Volume 7 Issue 255
Published - 14:00 UTC 08:00 EST 17-Sep-2005 
Next Update - 14:00 UTC 08:00 EST 18-Sep-2005

Editor: Susan K. Boyer, RN
Vidyya.
All rights reserved.

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Survey finds many Katrina evacuees had chronic health problems and no health insurance

To give voice to people whose lives have been devastated by Hurricane Katrina and the ensuing floods, The Washington Post, the Kaiser Family Foundation, and the Harvard School of Public Health conducted a unique survey of evacuees in shelters in the Houston area. Key health-related findings include that 52% of evacuees report having no health insurance coverage at the time of the hurricane. Of those with coverage, 34% say it is through Medicaid and 16% through Medicare. more  

BRAVE program Help available for children with anxiety

A pioneering University of Queensland (UQ) research project will help children overcome extreme anxiety. more

Study finds overall health and quality of life intact 10 years after stem-cell transplantation

Survivors of stem-cell transplantation for blood cancers can expect to be just about as healthy 10 years later as adults who have never had a transplant, according to a new study by researchers at Fred Hutchinson Research Cancer Center. more  

Genetic testing helps physicians zero in on eye disease

Rapid genetic testing for eye disease is becoming a reality, thanks to a technology developed at the University of Michigan Kellogg Eye Center. Scientists have created a first-of-its-kind test on a microchip array that will help physicians hone their diagnoses for patients with the blinding disease known as retinitis pigmentosa (RP). The screening technique has proven to be reliable and cost-effective. more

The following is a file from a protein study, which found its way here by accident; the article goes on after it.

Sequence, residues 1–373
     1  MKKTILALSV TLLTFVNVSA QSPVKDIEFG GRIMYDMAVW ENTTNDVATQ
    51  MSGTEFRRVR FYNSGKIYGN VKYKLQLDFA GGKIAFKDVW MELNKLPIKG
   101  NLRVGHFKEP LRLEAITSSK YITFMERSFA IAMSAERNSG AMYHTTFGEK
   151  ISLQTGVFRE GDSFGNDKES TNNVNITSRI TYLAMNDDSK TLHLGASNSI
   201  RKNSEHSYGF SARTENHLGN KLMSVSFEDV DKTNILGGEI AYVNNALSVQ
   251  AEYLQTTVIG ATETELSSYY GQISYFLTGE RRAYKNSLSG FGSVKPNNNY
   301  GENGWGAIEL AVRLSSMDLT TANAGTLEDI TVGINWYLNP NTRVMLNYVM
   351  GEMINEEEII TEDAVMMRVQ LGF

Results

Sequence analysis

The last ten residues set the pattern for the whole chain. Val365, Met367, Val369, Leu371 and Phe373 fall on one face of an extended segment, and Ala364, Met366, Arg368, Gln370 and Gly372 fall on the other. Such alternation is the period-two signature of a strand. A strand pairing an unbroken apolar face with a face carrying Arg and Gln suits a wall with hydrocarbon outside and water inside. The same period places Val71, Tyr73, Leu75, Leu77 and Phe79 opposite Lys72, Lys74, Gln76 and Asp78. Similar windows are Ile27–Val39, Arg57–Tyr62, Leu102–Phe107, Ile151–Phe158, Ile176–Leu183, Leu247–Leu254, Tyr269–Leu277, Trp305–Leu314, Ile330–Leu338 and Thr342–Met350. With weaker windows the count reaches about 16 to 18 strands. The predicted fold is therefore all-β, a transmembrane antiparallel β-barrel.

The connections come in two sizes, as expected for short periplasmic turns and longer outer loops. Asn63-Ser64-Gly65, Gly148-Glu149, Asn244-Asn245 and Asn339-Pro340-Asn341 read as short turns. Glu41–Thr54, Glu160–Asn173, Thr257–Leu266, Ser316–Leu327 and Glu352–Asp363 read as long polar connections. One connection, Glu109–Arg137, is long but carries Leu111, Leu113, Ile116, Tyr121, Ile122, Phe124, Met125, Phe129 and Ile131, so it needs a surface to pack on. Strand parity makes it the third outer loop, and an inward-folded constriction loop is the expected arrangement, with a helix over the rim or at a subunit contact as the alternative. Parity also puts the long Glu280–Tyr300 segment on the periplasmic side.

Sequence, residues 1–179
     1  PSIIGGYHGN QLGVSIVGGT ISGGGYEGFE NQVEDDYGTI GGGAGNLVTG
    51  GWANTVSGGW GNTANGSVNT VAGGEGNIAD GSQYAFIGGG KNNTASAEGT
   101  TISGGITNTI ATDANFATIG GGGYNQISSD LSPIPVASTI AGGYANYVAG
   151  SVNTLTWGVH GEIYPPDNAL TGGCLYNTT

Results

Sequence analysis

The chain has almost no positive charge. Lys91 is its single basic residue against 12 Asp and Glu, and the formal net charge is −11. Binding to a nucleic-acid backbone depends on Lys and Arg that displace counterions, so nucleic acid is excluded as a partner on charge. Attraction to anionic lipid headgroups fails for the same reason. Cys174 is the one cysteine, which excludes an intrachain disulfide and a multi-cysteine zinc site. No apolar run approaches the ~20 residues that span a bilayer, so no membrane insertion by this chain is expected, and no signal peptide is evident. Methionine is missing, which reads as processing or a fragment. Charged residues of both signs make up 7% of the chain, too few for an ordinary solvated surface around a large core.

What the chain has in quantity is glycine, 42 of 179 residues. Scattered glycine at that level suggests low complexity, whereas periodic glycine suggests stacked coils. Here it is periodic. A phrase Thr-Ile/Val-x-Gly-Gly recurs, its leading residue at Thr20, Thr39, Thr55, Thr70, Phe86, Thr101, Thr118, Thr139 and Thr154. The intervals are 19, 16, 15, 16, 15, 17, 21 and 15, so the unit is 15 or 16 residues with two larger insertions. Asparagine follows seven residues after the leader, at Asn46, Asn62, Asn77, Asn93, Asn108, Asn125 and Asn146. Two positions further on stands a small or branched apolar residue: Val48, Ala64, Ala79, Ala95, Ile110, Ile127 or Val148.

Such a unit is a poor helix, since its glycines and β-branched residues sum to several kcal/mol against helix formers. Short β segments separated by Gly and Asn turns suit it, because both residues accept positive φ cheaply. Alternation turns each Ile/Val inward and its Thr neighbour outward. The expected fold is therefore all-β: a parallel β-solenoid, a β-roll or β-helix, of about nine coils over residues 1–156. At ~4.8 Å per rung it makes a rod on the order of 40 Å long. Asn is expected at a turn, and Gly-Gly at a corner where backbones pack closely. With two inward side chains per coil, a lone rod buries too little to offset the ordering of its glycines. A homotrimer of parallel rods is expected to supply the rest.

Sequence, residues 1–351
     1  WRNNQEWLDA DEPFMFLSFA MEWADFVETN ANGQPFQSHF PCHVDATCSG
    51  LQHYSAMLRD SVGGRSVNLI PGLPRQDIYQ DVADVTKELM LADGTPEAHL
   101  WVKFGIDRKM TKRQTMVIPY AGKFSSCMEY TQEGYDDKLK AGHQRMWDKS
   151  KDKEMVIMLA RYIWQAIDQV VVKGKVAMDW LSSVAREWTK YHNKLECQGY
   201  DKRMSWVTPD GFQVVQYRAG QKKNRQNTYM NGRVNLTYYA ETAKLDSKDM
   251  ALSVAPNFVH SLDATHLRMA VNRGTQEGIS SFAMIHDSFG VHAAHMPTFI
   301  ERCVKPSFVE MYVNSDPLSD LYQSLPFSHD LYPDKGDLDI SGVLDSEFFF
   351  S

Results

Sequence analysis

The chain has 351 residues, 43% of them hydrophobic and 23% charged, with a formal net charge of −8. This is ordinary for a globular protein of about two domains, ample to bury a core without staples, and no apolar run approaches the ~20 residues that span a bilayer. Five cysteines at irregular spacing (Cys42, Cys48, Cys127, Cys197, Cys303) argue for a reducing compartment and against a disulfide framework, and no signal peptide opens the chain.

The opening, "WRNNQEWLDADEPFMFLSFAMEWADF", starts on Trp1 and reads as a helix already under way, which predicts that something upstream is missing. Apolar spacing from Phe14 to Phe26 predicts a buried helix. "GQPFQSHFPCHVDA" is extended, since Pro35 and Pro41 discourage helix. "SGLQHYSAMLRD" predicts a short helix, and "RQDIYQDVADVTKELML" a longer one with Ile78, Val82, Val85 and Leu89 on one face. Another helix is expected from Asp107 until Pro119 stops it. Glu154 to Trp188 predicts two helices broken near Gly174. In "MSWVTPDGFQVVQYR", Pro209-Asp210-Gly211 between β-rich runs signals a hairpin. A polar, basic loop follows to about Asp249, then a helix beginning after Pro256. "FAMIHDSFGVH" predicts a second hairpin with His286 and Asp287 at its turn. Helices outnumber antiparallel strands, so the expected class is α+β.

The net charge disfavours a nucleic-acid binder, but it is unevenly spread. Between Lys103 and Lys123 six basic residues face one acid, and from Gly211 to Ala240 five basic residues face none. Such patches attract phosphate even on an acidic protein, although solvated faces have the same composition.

UCI neurobiologists find treatment to block memory-related drug cravings  

A novel chemical compound that blocks memory-related drug cravings has the potential to be the basis of new therapies to aid drug-addiction recovery efforts, UC Irvine neurobiologists have found. more

Potential ovarian cancer oncogene offers possibility of predictive test and a novel therapy  

Scientists from Maryland and New Jersey have identified a molecular pathway in mice that makes prostate cells vulnerable to cancer-causing oxygen damage. The pathway, which is also involved in human prostate cancer, may help determine how and whether antioxidants, such as certain vitamins or their products that reverse the damage, can prevent prostate cancer. more

An apple or a pear?

Eating an apple is infinitely better than looking like one, according to experts at the American College of Cardiology (ACC). Humor aside, research has drawn significant links between body shape and heart disease. The American College of Cardiology is hoping to reshape America by highlighting this new health data on World Heart Day. more

 

Are you an apple or a pear?